Fun Fact: Since each clustered protocol virtual server will be bound to the IP address you've assigned to the EVS (rather than to “all unassigned”), there's probably no need to put in a host header -- it'll be sufficiently unique with just the IP and TCP port combination. In Exchange 2000, creating the EVS also set a host header for the netbios name of the EVS. In Exchange 2003, that's gone. Now we only set the IP and port, because host header is not required. That's a bit of a digression though, because it only applies to the “TCP Port” entry. SSL cannot use host headers, and it will not let you enter one.
Second Fun Fact: You can enter only one port per “Identification” line. I see this trip people up a lot -- the SSL port field will appear greyed out when they try to add or modify a new identity. This is quite likely because there is already something entered into the “TCP Port“ field, and the SSL Port field won't let you enter anything unless a TCP port is not already defined in the same “Identification“. What does this mean? It means that if you want both TCP Port 80 for HTTP and SSL Port 443 for HTTPS, you will need to create two separate identities under the HTTP protocol virtual server's Advanced button.
Now, for Evan's recommended way to configure bindings and SSL clustered HTTP protocol virtual servers: 1) Create new HTTP Protocol virtual server in ESM. 2) Under Advanced Tab, ensure TCP Port 80 is defined along with the EVS IP address. No host header needed. Click Ok.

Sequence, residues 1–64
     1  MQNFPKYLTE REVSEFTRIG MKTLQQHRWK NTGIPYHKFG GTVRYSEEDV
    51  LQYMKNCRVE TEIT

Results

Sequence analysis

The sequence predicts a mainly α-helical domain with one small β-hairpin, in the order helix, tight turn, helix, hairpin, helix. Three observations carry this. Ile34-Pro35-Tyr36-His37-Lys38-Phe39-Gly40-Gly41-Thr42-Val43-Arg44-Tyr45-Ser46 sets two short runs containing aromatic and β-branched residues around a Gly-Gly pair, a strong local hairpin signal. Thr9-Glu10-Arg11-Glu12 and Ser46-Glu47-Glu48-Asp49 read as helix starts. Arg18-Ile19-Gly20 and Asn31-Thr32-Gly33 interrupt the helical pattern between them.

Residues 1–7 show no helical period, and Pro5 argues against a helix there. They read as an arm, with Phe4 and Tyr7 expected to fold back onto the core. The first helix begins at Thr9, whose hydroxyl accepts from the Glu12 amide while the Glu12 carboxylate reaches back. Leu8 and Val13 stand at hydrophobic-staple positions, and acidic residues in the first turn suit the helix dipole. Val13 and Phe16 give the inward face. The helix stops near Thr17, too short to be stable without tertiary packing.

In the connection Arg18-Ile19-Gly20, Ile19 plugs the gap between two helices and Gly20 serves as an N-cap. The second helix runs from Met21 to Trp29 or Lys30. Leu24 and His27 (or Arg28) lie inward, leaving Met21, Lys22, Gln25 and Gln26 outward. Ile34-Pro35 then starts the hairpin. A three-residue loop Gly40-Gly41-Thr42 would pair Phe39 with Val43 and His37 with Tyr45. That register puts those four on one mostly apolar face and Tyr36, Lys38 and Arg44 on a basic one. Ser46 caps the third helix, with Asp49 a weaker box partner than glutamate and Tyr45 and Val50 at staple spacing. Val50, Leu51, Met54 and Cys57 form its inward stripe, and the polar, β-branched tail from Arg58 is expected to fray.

Note: Now the msExchServerBindings attribute is set on the protocol virtual server object in the AD and will replicate into the IIS Metabase via the DS2MB metabase replication process.
3) Get a certificate for the protocol virtual server and install it through IIS Administrator interface. See KB.3202914) Back in ESM, click Add to add an additional identity. Remove TCP port 80 from the GUI.5) SSL Port field becomes available for entry once TCP field is cleared.6) Enter 443 into SSL port field. Click OK.
Note: Now the msExchSecureBindings attribute is also set on the protocol virtual server object in the AD and will replicate into the IIS Metabase via the DS2MB metabase replication process.
In the bag tonight: Less bitch'n and whin'n. Counts:Blogging: 8; Dev: 22; Otherwise: 8; SQL: 5; WILY: 8. Line of the night:
question on this:
i screwed up the default Exchange Virtual Server by electing to apply inheritance overriding during a botched attempt at including PHP scripting to my server.
now when people go to: http://ourdomain.com/exchange they see the directory index, not the pretty outlooky gui they used to see.